How to Write a Personal Statement for Grad School: 9-Step Guide
The personal statement is a fiercely important part of your grad school application. In this section, we teach you how to write a memorable personal statement for grad school so that you’ll have a better shot at getting accepted.
Step 1: Start Early
Personal statements (actually, grad school applications in general!) take a lot of work, so don’t put off writing your essay until the week before your deadline. Rather, try to start working on your essay at least two or three months before your application is due.
You might want to give yourself more time to write it if you’re currently in school or working a demanding job. Setting aside more time lets you work on your graduate school essay routinely without having to squeeze in too many hours each week.
If you only have a month or less until your application deadline, get started on your essay pronto! Though it’s possible to write a personal statement quickly, I recommend carving out more time so that you can put more thought and effort into what you write and how you present yourself. (Doing this also gives others more time to edit your essay for you! We’ll cover this more in later steps.)
Step 2: Read the Instructions
Perhaps the most important step is to read your program’s instructions for the personal statement. Not following these instructions could very well result in a rejection, so always read these first before you start writing! Most programs put their personal statement instructions on their application materials pages.
Your program should give you the following information:
- What type of content your personal statement should include or generally focus on (you might even get an actual prompt to answer!)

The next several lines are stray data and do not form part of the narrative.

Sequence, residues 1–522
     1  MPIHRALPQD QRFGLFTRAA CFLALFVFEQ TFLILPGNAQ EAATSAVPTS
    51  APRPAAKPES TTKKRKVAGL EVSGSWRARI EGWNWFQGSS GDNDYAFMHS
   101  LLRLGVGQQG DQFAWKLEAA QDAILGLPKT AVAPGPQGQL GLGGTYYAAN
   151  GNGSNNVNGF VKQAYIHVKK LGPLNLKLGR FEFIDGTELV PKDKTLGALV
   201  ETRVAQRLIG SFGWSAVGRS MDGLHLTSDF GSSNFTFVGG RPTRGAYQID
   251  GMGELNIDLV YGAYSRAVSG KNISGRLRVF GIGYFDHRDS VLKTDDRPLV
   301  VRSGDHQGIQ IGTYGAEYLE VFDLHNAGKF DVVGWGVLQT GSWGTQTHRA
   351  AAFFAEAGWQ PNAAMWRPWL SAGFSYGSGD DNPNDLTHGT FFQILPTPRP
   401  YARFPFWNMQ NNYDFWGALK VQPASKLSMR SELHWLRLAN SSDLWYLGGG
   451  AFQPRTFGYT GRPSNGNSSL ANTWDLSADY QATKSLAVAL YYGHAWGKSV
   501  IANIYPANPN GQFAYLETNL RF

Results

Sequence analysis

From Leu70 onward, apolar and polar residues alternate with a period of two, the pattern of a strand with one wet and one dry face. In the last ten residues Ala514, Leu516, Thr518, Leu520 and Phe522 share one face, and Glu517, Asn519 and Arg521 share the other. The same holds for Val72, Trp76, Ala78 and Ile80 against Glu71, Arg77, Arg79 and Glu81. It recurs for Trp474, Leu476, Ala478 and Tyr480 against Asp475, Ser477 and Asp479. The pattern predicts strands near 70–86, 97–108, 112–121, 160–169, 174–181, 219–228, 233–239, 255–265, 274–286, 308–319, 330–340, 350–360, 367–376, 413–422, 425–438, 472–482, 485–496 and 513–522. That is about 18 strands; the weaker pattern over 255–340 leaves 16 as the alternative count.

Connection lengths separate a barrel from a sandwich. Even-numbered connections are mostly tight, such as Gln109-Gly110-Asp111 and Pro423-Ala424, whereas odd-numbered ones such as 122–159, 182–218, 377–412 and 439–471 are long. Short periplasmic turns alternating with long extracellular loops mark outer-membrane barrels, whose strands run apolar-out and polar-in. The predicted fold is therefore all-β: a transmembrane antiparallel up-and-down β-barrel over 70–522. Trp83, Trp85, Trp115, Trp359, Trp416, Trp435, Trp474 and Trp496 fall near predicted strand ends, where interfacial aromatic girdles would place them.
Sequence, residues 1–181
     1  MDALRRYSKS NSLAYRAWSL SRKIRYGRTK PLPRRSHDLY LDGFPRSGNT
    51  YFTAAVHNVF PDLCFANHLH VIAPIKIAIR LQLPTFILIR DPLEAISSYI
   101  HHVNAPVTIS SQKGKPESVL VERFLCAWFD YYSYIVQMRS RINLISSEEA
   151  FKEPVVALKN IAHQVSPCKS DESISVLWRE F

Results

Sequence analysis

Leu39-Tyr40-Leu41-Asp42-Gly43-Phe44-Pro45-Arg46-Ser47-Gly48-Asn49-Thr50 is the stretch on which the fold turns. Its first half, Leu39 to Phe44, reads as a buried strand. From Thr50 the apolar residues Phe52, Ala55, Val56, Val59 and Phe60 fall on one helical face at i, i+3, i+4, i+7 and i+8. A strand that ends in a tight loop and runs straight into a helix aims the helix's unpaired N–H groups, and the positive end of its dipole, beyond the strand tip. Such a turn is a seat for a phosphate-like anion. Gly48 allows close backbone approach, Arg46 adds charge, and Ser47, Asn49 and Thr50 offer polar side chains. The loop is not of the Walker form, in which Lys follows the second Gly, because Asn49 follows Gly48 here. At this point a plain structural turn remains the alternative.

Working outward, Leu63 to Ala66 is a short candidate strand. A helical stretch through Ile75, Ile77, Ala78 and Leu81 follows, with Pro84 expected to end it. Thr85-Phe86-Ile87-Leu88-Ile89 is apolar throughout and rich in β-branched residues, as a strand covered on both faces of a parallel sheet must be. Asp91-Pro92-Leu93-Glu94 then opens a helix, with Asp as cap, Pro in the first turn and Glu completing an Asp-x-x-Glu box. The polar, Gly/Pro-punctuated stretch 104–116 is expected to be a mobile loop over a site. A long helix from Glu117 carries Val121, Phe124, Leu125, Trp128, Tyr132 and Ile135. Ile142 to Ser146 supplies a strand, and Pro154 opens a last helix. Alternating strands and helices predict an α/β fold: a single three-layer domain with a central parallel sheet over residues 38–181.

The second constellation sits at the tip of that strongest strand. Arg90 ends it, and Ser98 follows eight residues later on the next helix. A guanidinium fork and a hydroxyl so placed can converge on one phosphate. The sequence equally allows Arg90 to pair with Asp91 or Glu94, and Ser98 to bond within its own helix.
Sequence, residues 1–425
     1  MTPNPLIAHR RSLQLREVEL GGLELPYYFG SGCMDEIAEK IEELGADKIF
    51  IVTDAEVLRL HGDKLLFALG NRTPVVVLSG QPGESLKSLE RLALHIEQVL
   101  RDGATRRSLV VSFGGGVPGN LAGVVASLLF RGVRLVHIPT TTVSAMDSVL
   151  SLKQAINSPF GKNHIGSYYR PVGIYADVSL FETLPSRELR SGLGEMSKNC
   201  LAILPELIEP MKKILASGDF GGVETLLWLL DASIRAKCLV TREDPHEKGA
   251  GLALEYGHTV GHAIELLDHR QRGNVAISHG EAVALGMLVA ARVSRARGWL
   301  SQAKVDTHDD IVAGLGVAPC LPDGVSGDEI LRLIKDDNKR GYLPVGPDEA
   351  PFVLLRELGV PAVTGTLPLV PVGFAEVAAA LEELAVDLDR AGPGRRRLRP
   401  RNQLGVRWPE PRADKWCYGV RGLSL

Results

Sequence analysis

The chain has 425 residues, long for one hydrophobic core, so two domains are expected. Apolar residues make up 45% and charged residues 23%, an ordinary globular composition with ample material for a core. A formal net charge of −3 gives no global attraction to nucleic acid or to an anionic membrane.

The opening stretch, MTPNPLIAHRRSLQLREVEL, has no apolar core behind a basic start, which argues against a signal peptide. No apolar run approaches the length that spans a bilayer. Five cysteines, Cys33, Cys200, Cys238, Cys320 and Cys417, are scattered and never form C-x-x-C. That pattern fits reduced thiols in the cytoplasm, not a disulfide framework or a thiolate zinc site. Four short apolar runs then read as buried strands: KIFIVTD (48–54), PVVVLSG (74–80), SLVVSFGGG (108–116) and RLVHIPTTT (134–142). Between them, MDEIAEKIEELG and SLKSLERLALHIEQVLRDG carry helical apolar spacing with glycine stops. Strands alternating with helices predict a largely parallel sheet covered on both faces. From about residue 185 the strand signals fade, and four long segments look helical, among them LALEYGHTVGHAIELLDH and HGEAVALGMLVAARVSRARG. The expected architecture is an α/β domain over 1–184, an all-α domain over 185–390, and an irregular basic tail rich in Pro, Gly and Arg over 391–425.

- How long your statement should be
- What type of heading, if any, you must include on your statement
- How to save and submit your statement (e.g., .docx, PDF, etc.)
For example, let’s say you’re applying to the History PhD program at UC Berkeley . In this case, your personal statement can’t exceed 1,000 words (three double-spaced pages). You must also answer this prompt :
Please describe how your personal background informs your decision to pursue a graduate degree. Please include information on how you have overcome barriers to access in higher education, evidence of how you have come to understand the barriers faced by others, evidence of your academic service to advance equitable access to higher education for women, racial minorities, and individuals from other groups that have been historically underrepresented in higher education, evidence of your research focusing on underserved populations or related issues of inequality, or evidence of your leadership among such groups.
On the other hand, if you were to apply for an MS in Mining, Geological, and Geophysical Engineering at the University of Arizona , your personal statement would follow these parameters:
Your personal statement is an opportunity to sell yourself, in terms of your research interests, research experience and research goals. Unless you have extensive research experience, most personal statements should be about two single-spaced pages. Your writing should be clear, concise, grammatically correct and professional in tone. You may convey some personal experiences that have led to your current interests or that make you a particularly promising candidate.
Clearly, grad programs can approach personal statements quite differently. Some schools consider them the same as statements of purpose and want a formal focus on academic and research interests, while others want applicants to explain more informally the challenges they’ve overcome to get to this point.
Simply put, follow your program’s directions exactly in order to give yourself your best shot at admission. And if any part of the instructions is unclear, don’t hesitate to contact your program!
Step 3: Figure Out Your Angle
Your “angle,” or focus, in your graduate school personal statement will depend on a few key factors:
- What your grad program wants you to write about
- Your field of study and research interests